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The Hubble Space telescope

The Hubble Space Telescope celebrates its 20th anniversary, a few


weeks ago, on Saturday. NASA had released a new photograph
from the orbiting observatory of a cosmic pillar of gas and dust
piled high in the Carina Nebula galaxy.

Hubble, named after the astronomer Edwin P Hubble (1889—


1953), was launched into low—Earth orbit on April 24, 1990.

To date, Hubble has looked at over 30,000 celestial objects and


amassed over a half million pictures in its archive.

Despite its storied past, Hubble had looked set for the junk heap
until the space shuttle Atlantis’ repair mission that sought to extend
the telescope’s life until at least 2014, and possibly beyond.

Planets

Sun

The Sun is a huge, glowing ball at the center of our solar


system. The sun provides light, heat, and other energy to
Earth. The sun is made up entirely of gas. Most of it is a type
of gas that is sensitive to magnetism. This sensitivity makes
this type of gas so special that scientists sometimes give it a
special name: plasma. Nine planets and their moons, tens of
thousands of asteroids, and trillions of comets revolve
around the sun. The sun and all these objects are in the
solar system.
Moon

Moon is Earth's only natural satellite and the only


astronomical body other than Earth ever visited by human
beings. The moon is the brightest object in the night
sky but gives off no light of its own. Instead, it reflects light
from the sun. Like Earth and the rest of the solar system, the
moon is about 4.6 billion years old.

Mars

Mars is the fourth planet from the sun. The planet is one of
Earth's "next-door neighbors" in space. Mars is named for
the ancient Roman god of war. The Romans copied the
Greeks in naming the planet for a war god; the Greeks called
the planet Ares (AIR eez). The Romans and Greeks
associated the planet with war because its color resembles
the color of blood. Viewed from Earth, Mars is a bright
reddish-orange. It owes its color to iron-rich minerals in its
soil. This color is also similar to the color of rust, which is
composed of iron and oxygen.

Jupiter

Jupiter is the largest planet in the solar system. Its diameter


is 88,846 miles, more than 11 times that of Earth, and about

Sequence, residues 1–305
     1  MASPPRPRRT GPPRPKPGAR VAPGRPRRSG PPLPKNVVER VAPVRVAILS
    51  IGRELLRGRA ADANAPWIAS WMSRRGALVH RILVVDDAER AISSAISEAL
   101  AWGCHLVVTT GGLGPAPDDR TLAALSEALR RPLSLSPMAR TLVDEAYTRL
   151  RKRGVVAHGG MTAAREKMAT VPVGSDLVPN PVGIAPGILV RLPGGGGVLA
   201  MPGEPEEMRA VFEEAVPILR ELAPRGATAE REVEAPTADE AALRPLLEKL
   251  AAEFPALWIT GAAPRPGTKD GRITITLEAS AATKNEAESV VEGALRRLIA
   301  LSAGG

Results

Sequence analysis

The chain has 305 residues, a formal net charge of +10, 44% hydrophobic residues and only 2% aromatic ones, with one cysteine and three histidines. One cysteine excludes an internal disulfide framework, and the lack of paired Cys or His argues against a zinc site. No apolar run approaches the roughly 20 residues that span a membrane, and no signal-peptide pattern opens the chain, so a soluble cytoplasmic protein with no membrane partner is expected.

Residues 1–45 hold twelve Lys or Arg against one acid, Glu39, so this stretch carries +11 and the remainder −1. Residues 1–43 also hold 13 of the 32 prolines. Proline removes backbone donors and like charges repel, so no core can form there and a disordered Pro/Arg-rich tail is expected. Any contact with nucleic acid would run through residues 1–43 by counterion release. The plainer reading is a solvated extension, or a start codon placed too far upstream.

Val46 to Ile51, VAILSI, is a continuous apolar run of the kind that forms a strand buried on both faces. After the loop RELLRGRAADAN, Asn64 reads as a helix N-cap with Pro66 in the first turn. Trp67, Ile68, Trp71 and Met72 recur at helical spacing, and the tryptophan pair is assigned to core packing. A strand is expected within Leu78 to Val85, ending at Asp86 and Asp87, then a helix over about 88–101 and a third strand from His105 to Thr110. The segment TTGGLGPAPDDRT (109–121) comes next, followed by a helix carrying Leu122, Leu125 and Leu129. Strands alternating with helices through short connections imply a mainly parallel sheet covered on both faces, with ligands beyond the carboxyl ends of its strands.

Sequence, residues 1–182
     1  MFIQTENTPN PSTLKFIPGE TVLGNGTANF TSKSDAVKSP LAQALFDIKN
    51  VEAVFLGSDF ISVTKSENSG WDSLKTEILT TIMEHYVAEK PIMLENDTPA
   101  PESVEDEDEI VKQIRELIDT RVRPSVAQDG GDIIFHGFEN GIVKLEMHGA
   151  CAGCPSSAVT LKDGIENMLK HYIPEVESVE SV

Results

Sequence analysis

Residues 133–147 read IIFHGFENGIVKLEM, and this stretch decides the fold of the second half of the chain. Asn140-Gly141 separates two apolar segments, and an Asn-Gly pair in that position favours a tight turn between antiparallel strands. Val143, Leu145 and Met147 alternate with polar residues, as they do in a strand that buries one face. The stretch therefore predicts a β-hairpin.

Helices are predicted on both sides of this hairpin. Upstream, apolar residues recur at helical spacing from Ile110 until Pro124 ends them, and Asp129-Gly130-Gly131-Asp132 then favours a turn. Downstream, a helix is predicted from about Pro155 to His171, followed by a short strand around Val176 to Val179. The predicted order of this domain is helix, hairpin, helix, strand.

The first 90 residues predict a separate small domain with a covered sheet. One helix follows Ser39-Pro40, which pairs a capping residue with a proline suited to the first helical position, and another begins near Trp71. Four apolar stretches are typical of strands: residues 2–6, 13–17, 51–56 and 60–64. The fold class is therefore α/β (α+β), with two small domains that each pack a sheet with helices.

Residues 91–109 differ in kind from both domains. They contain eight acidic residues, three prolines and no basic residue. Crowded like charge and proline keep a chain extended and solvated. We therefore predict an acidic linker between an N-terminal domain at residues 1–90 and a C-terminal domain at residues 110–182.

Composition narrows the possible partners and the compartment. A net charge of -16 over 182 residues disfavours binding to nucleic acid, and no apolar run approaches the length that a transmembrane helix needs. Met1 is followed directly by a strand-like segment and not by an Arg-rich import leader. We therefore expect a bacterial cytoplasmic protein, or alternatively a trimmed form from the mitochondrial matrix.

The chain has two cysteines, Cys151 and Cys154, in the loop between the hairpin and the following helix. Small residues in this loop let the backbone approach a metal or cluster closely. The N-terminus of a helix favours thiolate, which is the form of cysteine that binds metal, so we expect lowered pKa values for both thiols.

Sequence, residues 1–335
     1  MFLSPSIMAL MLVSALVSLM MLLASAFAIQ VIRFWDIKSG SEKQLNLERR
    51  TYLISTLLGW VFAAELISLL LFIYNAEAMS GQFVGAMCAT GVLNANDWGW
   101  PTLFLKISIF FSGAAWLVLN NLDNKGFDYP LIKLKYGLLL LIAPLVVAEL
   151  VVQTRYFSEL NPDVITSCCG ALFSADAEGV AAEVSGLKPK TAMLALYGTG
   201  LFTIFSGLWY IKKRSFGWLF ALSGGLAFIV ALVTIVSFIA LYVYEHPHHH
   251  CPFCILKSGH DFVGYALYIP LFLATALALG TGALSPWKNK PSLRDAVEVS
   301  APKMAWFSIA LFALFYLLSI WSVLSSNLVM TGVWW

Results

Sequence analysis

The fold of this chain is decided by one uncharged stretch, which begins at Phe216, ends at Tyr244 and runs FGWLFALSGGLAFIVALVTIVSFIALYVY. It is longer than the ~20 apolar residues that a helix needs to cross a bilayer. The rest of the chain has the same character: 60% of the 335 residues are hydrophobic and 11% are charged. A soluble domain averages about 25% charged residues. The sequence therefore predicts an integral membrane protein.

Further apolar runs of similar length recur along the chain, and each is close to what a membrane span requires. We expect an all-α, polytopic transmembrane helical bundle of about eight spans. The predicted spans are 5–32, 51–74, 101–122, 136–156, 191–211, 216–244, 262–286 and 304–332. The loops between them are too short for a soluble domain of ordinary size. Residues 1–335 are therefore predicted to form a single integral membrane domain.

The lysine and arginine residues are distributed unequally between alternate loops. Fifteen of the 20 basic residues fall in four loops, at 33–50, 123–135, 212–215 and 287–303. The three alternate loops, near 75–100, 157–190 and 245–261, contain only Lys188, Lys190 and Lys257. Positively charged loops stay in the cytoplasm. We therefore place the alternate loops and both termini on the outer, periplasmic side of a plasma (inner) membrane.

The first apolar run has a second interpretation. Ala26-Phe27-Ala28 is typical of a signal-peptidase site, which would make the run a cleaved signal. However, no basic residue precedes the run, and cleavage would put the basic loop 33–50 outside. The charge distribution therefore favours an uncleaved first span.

one-tenth that of the sun. It would take more than 1,000
Earths to fill up the volume of the giant planet. When viewed
from Earth, Jupiter appears brighter than most stars. It is
usually the second brightest planet - after Venus. Jupiter is
the fifth planet from the sun. Its mean (average) distance
from the sun is about 483,780,000 miles.
Saturn

Saturn is the second largest planet. Only Jupiter is larger.


Saturn has seven thin, flat rings around it. The rings consist
of numerous narrow ringlets, which are made up of ice
particles that travel around the planet. The gleaming rings
make Saturn one of the most beautiful objects in the solar
system. Jupiter, Neptune, and Uranus are the only other
planets known to have rings. Their rings are much fainter
than those around Saturn.

Uranus

Uranus is the seventh planet from the sun. Only Neptune


and Pluto are farther away. Uranus is the farthest planet that
can be seen without a telescope. Its average distance from
the sun is about 1,784,860,000 miles, a distance that takes
light about 2 hours 40 minutes to travel. Uranus is a giant
ball of gas and liquid. Its diameter at the equator is 31,763
miles (51,118 kilometers), over four times that of Earth.

Neptune

Neptune is one of the two planets that cannot be seen


without a telescope. The other is Pluto. Neptune is about 30
times as far from the sun as is Earth. Pluto is the only planet
farther from the sun than Neptune. But every 248 years
Pluto moves inside Neptune's orbit for about a 20-year
period, during which it is closer to the sun than Neptune.
Pluto last crossed Neptune's orbit on Jan. 23, 1979, and
remained within it until Feb. 11, 1999.

Venus